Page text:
The two conservation districts plan to ask for a $50,000 grant from the Colorado Water Plan grant fund in early 2020 to fund the roughly $100,000 project. West Divide plans to contribute $15,000 and the Colorado River District $10,000.

Aspen Journalism collaborates with The Aspen Times and other Swift Communications newspapers on coverage of water and rivers. This story appeared in the Nov. 29 issue of The Aspen Times.

Map of the Roaring Fork River drainage basin in western Colorado, USA. Made using USGS data. By Shannon1 – Own work, CC BY-SA 4.0, https://commons.wikimedia.org/w/index.php?curid=69290878

Leaders of youth-water program get bird’s-eye view of #RoaringFork watershed — @AspenJournalism

The blue expanse of Ruedi Reservoir as seen from the air. Students with the Carbondale-based Youth Water Leadership Program took to the air with EcoFlight to see how people have modified water in the Roaring Fork watershed. Photo credit: Heather Sackett/Aspen Journalism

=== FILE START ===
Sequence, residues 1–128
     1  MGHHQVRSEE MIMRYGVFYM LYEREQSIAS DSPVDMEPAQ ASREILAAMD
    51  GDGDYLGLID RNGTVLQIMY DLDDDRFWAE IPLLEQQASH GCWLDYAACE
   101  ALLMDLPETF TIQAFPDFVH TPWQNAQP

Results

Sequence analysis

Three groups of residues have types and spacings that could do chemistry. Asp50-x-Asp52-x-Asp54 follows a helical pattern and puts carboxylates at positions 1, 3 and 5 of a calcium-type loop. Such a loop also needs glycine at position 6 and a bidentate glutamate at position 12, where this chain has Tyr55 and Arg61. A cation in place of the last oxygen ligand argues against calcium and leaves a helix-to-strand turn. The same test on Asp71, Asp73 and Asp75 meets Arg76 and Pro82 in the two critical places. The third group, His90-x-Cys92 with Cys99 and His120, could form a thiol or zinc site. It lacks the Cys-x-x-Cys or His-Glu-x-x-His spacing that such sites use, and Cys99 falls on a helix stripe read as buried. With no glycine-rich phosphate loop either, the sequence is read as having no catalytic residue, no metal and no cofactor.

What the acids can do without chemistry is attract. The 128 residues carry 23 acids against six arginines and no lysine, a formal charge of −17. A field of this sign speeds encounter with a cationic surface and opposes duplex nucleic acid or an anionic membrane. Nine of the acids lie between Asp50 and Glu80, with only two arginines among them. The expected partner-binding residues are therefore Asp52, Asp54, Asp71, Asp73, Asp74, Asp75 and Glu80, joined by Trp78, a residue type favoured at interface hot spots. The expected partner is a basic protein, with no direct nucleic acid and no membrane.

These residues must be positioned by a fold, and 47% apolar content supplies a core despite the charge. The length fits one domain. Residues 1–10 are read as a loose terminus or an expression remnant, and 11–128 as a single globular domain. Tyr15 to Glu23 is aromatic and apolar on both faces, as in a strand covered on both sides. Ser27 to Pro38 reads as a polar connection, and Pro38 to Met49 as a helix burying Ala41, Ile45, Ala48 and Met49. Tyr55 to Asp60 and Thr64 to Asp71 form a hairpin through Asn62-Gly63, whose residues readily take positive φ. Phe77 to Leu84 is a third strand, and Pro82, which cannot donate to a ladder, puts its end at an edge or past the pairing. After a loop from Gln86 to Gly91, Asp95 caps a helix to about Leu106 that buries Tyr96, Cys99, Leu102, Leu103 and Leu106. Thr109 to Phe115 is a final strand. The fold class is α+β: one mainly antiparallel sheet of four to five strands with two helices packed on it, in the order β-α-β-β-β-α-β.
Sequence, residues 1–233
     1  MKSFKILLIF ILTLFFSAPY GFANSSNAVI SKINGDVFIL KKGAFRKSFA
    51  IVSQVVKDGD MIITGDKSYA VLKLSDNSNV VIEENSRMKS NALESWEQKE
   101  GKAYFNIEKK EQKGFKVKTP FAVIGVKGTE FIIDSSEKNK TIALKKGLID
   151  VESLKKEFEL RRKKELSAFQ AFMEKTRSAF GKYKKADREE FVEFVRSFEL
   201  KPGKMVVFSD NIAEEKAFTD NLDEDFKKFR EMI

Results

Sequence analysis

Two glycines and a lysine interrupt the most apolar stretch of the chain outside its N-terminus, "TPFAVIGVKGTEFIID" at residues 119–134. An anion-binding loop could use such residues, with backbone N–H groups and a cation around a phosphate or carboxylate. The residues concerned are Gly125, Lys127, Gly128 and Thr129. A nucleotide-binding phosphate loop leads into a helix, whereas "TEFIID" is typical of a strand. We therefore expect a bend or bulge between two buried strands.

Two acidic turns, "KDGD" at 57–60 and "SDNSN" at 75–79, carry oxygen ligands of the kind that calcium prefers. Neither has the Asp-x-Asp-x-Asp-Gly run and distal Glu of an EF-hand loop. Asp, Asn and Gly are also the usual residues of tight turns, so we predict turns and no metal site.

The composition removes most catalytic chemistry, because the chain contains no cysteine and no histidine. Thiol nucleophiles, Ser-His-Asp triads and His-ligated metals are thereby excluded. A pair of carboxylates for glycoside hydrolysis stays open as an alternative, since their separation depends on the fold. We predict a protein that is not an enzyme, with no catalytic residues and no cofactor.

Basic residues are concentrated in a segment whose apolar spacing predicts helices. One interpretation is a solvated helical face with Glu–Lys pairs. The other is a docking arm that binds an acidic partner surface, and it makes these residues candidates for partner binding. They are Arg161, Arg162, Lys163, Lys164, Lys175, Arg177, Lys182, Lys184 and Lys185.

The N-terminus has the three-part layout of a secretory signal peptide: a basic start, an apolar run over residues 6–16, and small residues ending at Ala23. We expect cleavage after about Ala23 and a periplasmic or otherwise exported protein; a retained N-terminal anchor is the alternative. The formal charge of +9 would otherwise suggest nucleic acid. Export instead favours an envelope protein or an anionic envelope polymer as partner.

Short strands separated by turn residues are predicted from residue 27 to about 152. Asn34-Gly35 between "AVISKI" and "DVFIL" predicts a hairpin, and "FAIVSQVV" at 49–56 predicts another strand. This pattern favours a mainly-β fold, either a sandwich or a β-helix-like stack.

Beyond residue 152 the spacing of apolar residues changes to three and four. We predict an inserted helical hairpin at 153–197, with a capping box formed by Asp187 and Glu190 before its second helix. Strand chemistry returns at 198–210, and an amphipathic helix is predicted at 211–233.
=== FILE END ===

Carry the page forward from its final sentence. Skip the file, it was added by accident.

From Aspen Journalism (Heather Sackett):

On a recent, clear, cold Saturday morning, local students from Carbondale-based Youth Water Leadership Program packed into a six-seat, single-engine Cessna 210 piloted by Gary Kraft of EcoFlight.

From the cockpit and high above the Roaring Fork watershed, certain features jumped out — the long, straight line of Red Mountain Ditch cutting across the hillside; infrastructure of the Twin Lakes Reservoir and Canal Co. siphoning water to the Front Range; the ponds that feed Aspen Skiing Co.’s snowmaking system; and the glittering surface of Ruedi Reservoir.